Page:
Under OCGA § 5-6-48(c), the trial court may order an appeal dismissed if

there has been an unreasonable delay in the transmission of the record to the appellate court, and it is seen that the delay was inexcusable and was caused by the failure of a party to pay costs in the trial court or file an affidavit of indigence;  provided, however, that no appeal shall be dismissed for failure to pay costs if costs are paid within 20 days (exclusive of Saturdays, Sundays, and legal holidays) of receipt by the appellant of notice, mailed by registered or certified mail or statutory overnight delivery, of the amount of costs.

The trial court exercises a legal discretion in deciding whether these elements exist, which we review for abuse.  Wood v. Notte, 238 Ga.App. 748, 749, 519 S.E.2d 923 (1999).

 We find no abuse of discretion in the trial court's dismissal of Cody's first appeal from the grant of summary judgment instituted by the notice of appeal filed on August 23, 1999.   Cody received notice of $246.50 in costs associated with this appeal on August 23, 1999.   Although Cody filed an affidavit of indigence on September 8, 1999, pursuant to OCGA § 5-6-48(c), it provided only an unsupported, cursory statement of indigence, and Cody failed to appear at a subsequent hearing to address her indigence claim.   We find no abuse of discretion in the trial court's rejection of the indigence claim in its order of February 4, 2000.  Saylors v. Emory Univ., 187 Ga.App. 460, 461, 370 S.E.2d 625 (1988).   Having received notice that her indigence claim was rejected, Cody waited over 40 days (exclusive of Saturdays, Sundays, and legal holidays) after her indigence claim was rejected before paying the costs for this appeal on April 7, 2000.   The trial court did not abuse its discretion in determining that Cody's failure to timely pay the costs was inexcusable and caused an unreasonable delay in the transmission of the record to this Court.   Bouldin v. Parker, 173 Ga.App. 526, 527, 327 S.E.2d 760 (1985) (delays of over 30 days are prima facie unreasonable and inexcusable).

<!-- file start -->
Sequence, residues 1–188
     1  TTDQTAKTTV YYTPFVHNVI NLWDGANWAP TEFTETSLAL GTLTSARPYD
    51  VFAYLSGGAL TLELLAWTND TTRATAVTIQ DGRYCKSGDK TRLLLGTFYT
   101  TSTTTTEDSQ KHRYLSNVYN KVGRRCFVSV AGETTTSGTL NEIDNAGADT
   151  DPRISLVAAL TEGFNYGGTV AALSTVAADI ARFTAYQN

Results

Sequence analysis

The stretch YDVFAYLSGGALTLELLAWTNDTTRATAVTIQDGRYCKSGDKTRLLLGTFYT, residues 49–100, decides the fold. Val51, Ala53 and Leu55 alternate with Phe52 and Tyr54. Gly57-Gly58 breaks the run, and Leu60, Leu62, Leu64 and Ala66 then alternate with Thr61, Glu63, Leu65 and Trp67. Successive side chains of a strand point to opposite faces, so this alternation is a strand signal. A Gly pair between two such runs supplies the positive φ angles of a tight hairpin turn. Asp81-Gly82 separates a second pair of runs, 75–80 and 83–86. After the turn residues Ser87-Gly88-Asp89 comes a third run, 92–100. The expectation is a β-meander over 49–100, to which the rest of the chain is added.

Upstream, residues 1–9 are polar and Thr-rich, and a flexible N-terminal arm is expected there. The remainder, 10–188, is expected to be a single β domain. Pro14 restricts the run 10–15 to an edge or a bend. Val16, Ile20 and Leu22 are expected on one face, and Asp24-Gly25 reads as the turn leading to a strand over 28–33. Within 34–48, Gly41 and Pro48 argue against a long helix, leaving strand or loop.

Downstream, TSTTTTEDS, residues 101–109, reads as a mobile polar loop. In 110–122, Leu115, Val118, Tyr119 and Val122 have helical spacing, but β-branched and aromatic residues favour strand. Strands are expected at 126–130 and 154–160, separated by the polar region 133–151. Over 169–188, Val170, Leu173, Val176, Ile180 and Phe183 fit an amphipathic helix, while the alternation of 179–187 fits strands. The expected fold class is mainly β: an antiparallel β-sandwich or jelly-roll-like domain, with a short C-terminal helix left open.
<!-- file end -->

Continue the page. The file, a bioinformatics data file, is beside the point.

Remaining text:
The trial court also dismissed Cody's direct appeal from the award of attorney fees under OCGA § 9-15-14 instituted by notice of appeal filed on March 3, 2000.   Cody was properly notified of court costs associated with this appeal on March 10, 2000, and she paid these costs on April 7, 2000.   However, we need not decide whether the trial court abused its discretion in dismissing this appeal pursuant to OCGA § 5-6-48(c).   An appeal from the award of attorney fees under OCGA § 9-15-14 requires an application for appeal pursuant to OCGA § 5-6-35(a)(10).   A direct appeal is allowed only in those cases where the appellate court already has jurisdiction of a direct appeal in the underlying case.  Mitcham v. Blalock, 268 Ga. 644, 646-647, 491 S.E.2d 782 (1997).   Because we found that the trial court properly dismissed Cody's underlying direct appeal from the grant of summary judgment, we have no jurisdiction to consider Cody's direct appeal from the award of attorney fees under OCGA § 9-15-14.   Accordingly, Cody's contentions as to the second dismissed appeal are dismissed as moot.

Judgment affirmed in part and dismissed in part.

ANDREWS, Presiding Judge.

ELDRIDGE and MILLER, JJ., concur.